Teresa Lawrence’s career path has taken her far from her childhood home in Germany, but her passion for teaching has helped the students of Western New York to blossom for more than two decades.
Lawrence was named superintendent of the Grand Island Central School District last month and plans to take the reins June 10.
The director of curriculum and staff development for the Clarence Central School District for the past eight years, Lawrence sought the top position in Grand Island because she had grown to love the community while completing her administrative studies within the district.
“I have admired the school district and community ever since,” she said. “During the interview process, it became abundantly clear that the Grand Island School Board, and the community at large, values education. I believe together we can build upon an already top-notch school district,” she said.
Lawrence believes her combination of educational and career experiences made her an attractive candidate for the position, including her ability to listen and seek common ground with stakeholders while balancing what is best for students; a track record of achieving outcomes through collaboration; a strong work ethic; a history of seeking out educational opportunities; and a strong resume that includes positions with increased obligations and accountability.
These educational and career paths provided the foundation of what Lawrence describes as a global perspective to teaching, learning and leadership.
Her father was a U.S. Air Force officer and her mother is British, and the family moved to Germany when Lawrence was 5. From fifth grade through high school, she attended German schools, completing her studies completely in the language. She studied for and earned the American general education diploma with the intention of completing undergraduate studies in the United States, but she returned to Germany to continue her studies in mathematics before returning to the United States at age 20 to complete her undergraduate work.
“In 1990, I moved to Buffalo with the intention of completing undergraduate studies in statistics and math and returning overseas,” she said. “I never left.”
She went on to earn a bachelor’s degree in statistics, an advanced certificate in educational technology and a doctor of philosophy from the University at Buffalo and a certificate in human resources from Cornell University. Her educational career began in 1991 as a middle school math and religion teacher at Queen of Heaven in West Seneca.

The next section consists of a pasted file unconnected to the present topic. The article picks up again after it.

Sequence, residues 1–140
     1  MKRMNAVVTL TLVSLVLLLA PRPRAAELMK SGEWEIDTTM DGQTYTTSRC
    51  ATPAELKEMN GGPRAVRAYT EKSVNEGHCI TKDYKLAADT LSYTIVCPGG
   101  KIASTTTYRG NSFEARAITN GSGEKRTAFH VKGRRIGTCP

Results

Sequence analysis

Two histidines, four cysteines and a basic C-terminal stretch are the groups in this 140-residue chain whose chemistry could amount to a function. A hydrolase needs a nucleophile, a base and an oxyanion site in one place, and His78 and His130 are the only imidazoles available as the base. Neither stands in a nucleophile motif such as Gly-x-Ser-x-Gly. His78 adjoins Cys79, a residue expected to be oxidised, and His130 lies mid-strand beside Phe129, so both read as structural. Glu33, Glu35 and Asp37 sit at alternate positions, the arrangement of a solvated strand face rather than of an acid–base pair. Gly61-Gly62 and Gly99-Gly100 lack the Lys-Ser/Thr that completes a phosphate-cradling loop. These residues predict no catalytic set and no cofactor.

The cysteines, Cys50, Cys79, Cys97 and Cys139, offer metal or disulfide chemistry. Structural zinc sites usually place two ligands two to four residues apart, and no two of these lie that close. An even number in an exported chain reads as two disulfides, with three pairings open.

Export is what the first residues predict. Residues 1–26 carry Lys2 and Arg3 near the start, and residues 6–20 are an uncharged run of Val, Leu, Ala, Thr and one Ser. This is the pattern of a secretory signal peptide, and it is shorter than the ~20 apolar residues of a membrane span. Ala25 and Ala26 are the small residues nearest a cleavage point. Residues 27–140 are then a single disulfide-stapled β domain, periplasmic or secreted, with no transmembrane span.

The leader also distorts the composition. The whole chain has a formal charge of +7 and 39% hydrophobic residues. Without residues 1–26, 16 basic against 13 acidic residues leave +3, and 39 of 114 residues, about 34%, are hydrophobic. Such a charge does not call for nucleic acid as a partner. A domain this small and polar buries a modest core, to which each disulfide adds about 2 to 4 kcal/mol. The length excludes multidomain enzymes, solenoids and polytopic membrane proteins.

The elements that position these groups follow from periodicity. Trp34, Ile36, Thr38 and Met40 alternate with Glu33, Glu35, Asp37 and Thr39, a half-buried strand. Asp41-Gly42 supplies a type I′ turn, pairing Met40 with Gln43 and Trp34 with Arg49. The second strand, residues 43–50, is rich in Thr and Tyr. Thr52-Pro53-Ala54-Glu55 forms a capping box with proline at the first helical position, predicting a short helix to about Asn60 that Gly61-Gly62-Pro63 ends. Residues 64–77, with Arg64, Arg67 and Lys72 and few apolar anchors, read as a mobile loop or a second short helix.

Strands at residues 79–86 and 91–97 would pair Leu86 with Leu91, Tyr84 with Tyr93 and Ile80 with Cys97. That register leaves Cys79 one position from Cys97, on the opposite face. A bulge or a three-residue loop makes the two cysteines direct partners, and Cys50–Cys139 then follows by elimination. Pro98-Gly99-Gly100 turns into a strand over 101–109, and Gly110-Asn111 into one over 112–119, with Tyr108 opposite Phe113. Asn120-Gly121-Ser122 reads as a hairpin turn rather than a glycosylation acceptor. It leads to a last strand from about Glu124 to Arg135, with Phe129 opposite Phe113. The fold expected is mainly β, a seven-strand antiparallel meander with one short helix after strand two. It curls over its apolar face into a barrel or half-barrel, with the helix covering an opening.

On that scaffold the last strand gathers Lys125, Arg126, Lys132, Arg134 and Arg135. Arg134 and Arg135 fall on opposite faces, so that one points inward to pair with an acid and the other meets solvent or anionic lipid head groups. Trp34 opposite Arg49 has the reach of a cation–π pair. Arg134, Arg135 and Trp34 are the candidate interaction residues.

From there, she worked for several years as a consultant with LEGO Dacta, the educational division of LEGO Systems, Inc., based in Amherst.
Before joining the administrative staff at Clarence Central, Lawrence served for five years as the instructional specialist for research and evaluation for Williamsville Central Schools; one year as the program supervisor and assistant principal at Roosevelt Elementary School in Kenmore; and three years as the curriculum and staff development coordinator at Erie 1 BOCES.
While she originally was interested in quality control or actuarial work, the classroom beckoned.
“I was drawn to teaching,” she said. “I chose to stay on in Buffalo, where I began my career in education. I am currently in my 22nd year in education. I cannot imagine doing any other work.”
In addition to her work inside the schools, Lawrence has taken an active role in addressing the increase in prescription drug abuse among teenagers by serving as the lead coordinator of the Western New York Medication Drop-Off Campaign through the Drug Enforcement Agency and by assisting Kids Escaping Drugs. Lawrence sees drugs, bullying and other pressures as the larger challenges that students face daily, but she adds that since she began her career, technology has complicated matters.
“Technology has blurred space between ‘private self’ and ‘public self,’ ” she said. “Social media such as Twitter, Vine and Instagram keep more and more parents and trusted adults out of the loop of what they know to be their children, and what we know to be our students.”
Board of Education interim President Paul Krull explained that the field of candidates for superintendent began at 38 before the board narrowed the choice to three, and Lawrence’s blend of personality and background won over board members.
With the post will come several challenges, according to Krull, including increasing retirement costs and unfunded mandates from the state; yearly budget issues; the beginning of two capital projects totaling more than $60 million; contract negotiations with administrators this year and teachers next year;and the growing concern about the state’s testing mandates.
The board, however, is certain that Lawrence can meet the challenges.
“We think she is a great fit,” Krull said. “She will move the district forward and make it better for students, staff and the community.”
For Lawrence, the position is an extension of her mission of helping others within a field that she adores.
“I wanted a career in which I felt I could make a difference,” she said.
“I am at my best when I am working in service of others. After the first few minutes of teaching, I knew I was where I was supposed to be.”